Friday, July 30, 2010
Trip to the northland.
I certainly panhandled when I was a broke young man in New York City and I believe in helping people in need. But the nature of the beast has changed. This guy was one of the new breed of professional beggars that are sprouting up all over. I met a guy at a corner in National City with such a sign, a native american. I gave him a few bucks and asked him about his life and his exit strategy. He laughed, this was his job. Many of these people make it a career and can make a pretty good haul, giving everybody the sad eye day after day.
These new destitute beggars have little pride and a permanent gig. Most look pretty well fed. It seems like a less than ideal place to park my hard earned money. Like throwing it down a hole guaranteed never to benefit anyone but the person who dug the hole. I drove past this man, barely making eye contact. In front of him was a cowboy hitchhiking with a saddle. He I would have given a ride to. As I repared to stop I was beaten to the punch by a trucker.
The next morning I drove up to the lovely town of Woodside, a Brigadoon type of town nestled in the verdant hills of the South Bay. I had to pick up a painting from a client that I should have grabbed ages ago. My client is a most intelligent Doctor who teaches Bio Ethics at Stanford. Has a passion for 19th century California paintings. We got into a very interesting conversation on the dangers of embryo farming and a lot of other perilous pitfalls of the new technology, technology whose pace is moving far faster than the attenuated underlying moral questions can be sorted. Cloning, stem cells, he shocked me by having a rather stark pro life stance. But I defer to him because he is trying to grapple with some very difficult ethical questions. He said something quite thought provoking and I paraphrase; The world is sadly missing a real or imagined hell, it caused people to understand that their actions have moral consequences. If I lived closer I would think we would develop a strong friendship.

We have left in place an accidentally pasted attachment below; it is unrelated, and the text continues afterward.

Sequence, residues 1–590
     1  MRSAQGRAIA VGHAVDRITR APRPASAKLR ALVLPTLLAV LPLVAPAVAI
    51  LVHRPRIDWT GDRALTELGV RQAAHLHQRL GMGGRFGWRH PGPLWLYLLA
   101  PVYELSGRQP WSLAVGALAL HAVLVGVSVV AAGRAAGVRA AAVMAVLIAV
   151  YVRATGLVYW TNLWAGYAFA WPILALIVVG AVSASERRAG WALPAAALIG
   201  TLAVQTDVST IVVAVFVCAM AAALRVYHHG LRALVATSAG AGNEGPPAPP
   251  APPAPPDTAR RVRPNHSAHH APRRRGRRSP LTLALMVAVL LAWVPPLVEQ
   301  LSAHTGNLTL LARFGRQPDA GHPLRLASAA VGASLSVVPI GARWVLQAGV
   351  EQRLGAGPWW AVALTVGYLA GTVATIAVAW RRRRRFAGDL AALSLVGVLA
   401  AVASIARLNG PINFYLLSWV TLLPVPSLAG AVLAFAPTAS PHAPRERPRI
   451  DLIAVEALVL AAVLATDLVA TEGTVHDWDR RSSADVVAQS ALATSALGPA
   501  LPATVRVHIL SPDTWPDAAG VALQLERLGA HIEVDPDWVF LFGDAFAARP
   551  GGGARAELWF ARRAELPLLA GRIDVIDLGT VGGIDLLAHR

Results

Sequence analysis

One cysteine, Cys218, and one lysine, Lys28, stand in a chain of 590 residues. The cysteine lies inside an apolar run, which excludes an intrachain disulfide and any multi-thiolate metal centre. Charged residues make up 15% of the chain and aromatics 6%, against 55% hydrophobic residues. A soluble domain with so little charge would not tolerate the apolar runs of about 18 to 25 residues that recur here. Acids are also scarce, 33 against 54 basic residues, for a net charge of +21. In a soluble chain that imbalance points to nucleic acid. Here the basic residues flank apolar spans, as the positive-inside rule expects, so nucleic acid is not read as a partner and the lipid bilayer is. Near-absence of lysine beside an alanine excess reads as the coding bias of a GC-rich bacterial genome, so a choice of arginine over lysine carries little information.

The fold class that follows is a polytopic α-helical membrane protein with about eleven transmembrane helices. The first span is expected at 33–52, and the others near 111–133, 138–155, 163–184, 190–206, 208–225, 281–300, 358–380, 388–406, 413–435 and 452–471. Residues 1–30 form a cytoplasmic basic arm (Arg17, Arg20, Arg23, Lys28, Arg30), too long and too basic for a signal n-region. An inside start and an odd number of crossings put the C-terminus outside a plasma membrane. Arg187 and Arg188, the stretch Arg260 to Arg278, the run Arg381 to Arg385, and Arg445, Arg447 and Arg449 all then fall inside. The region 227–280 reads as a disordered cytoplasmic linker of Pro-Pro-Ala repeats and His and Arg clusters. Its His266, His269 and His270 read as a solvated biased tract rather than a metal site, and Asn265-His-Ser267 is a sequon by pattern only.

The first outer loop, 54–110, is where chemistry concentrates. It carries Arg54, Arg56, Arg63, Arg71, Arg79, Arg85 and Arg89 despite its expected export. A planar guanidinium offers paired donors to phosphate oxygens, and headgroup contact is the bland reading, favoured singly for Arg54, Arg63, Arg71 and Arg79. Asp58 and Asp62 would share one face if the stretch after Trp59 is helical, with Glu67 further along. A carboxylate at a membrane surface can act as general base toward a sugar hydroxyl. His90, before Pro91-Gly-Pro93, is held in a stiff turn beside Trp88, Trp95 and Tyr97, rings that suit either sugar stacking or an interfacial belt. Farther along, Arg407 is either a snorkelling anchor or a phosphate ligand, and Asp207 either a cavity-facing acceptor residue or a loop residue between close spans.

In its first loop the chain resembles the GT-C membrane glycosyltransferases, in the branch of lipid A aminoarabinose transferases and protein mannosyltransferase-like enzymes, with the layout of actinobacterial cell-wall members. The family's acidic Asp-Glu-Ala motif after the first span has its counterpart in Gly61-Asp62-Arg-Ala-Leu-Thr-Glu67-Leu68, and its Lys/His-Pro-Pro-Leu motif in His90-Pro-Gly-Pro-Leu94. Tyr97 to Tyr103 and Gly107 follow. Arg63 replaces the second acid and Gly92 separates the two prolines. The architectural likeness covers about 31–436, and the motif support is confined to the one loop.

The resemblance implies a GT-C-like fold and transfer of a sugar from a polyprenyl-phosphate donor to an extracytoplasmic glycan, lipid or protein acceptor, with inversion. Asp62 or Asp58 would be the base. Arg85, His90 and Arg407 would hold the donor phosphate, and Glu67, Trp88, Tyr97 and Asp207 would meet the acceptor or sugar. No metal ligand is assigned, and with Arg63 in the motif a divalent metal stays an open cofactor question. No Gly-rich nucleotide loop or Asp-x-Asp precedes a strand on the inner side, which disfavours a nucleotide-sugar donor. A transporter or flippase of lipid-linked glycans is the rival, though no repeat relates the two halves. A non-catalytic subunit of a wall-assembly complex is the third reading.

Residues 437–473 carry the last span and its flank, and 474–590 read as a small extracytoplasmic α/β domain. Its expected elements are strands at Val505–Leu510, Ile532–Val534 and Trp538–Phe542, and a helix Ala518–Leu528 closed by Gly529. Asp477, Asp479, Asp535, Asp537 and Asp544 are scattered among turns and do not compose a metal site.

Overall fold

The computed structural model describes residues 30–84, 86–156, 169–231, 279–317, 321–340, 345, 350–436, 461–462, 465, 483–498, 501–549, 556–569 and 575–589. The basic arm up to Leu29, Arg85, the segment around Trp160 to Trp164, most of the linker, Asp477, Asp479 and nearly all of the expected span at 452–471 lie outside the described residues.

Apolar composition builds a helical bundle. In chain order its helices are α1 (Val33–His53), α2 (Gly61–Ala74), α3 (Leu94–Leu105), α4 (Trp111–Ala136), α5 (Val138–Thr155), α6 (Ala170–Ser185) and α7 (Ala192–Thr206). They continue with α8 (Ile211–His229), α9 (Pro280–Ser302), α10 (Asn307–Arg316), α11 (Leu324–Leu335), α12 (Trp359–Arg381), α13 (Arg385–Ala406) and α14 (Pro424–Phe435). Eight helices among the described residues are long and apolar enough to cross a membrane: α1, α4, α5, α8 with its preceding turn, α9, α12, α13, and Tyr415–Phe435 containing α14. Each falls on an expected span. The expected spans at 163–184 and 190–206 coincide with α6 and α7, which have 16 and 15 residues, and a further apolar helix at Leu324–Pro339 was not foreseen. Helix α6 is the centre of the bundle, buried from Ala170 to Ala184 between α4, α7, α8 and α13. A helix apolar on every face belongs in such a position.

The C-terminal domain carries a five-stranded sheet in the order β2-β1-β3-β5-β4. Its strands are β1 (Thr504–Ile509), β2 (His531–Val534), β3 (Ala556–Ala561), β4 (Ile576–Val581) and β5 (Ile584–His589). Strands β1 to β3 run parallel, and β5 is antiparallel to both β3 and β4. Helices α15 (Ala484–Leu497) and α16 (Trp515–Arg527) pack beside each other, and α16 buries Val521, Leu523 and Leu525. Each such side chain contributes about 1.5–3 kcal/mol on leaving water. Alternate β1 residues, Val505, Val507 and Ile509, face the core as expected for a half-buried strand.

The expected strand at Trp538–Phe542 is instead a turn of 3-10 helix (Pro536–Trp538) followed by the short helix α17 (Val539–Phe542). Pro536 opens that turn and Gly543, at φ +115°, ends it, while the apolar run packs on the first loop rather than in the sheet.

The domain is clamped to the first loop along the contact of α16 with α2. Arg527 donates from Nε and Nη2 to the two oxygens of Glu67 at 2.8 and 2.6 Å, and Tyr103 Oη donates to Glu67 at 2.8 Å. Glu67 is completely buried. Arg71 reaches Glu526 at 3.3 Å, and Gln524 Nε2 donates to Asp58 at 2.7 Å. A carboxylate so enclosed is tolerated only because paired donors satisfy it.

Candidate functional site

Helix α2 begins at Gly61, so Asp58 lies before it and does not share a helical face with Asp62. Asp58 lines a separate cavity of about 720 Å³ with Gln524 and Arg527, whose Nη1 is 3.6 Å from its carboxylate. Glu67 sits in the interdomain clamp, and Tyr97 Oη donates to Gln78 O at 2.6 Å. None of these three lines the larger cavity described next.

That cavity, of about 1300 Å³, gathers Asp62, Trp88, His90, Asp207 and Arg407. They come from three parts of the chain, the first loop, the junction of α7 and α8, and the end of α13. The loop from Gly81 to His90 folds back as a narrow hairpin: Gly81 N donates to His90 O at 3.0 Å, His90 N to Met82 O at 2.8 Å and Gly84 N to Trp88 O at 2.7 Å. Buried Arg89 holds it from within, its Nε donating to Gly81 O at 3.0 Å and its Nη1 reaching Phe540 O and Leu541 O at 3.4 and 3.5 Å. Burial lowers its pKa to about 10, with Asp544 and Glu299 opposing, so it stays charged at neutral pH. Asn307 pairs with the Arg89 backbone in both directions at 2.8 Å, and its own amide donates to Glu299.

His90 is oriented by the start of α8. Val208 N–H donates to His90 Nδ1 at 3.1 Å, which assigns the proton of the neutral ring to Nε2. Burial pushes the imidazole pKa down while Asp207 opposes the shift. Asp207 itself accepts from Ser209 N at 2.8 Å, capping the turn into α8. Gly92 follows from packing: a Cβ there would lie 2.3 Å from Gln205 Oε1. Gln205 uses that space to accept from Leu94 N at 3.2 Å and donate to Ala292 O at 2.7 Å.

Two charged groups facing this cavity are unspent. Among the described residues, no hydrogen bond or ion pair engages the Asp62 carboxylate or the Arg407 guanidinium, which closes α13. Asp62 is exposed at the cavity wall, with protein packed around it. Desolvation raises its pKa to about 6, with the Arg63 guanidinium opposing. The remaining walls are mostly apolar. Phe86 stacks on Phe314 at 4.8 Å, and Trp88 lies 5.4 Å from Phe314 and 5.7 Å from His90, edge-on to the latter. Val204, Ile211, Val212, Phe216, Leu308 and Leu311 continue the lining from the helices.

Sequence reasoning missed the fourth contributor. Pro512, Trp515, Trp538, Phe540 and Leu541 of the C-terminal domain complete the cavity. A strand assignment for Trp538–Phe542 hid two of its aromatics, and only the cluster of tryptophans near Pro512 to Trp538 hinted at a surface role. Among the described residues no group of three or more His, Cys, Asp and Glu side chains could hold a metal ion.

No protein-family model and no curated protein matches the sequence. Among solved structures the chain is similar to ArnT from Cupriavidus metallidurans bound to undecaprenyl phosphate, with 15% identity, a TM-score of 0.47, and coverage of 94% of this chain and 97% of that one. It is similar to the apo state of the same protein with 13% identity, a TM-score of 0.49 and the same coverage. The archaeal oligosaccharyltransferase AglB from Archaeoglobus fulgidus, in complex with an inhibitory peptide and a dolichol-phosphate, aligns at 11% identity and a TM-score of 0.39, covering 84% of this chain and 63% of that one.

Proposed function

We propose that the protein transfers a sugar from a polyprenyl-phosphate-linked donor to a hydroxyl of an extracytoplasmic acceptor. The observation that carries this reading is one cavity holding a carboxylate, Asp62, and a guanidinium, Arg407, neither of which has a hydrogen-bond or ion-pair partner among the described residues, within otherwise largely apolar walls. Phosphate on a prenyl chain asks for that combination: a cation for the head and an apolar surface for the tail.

Chai Thai Noodle in East Oakland for a great dinner.
The meal started with toasted rice salad, rice that has been recooked and crunchified with mint and basil, lime and lettuce. Simply fabulous. We went on to sample a delicious pumpkin and chicken curry and a quail course that honestly paled next to the quail at Le Cheval but I kept my mouth shut. Dry and not nearly as juicy. We had a nice duck dish covered with a strangely gummy rice coating and a rather stringy pork dish. A nice meal, well prepared.
After dinner we headed back to Berkeley for ice cream. We stopped and waited in a long line at Ici on College. Some great flavors and lots of tastes obligingly handed out - I tried the Brown Sugar Gingersnap but settled on a boysenberry vanilla ice cream sandwich. Very high quality ice cream but rather expensive.
For breakfast Melissa broke out Black Currant jam that she absconded with from Scotland on good Acme bread. I took off to drive to Fresno to see my father. Past Altamont and the army of wind machines. Rows and rows of tree crops and a sea of grapes. The normal road was blocked so my GPS took me on a strange alternate and I finally rolled in.
I listen to two great baseball games on the way down - Padres beat the hated Dodgers and the Giants, who are nipping at our heels with a hot streak, lose to the Marlins. Salazar hits a game winning walk off single for the Pads.
I am now back - tonight was a great Taste of Fallbrook block party. Leslie had belly dancers. Aunt Kizzy's Boyz, the great local blues band fronted by Sugar Ray, was in rare form. Just a lot of great folks on the street. I have a lot to do tomorrow as I get ready to leave for New Mexico next week.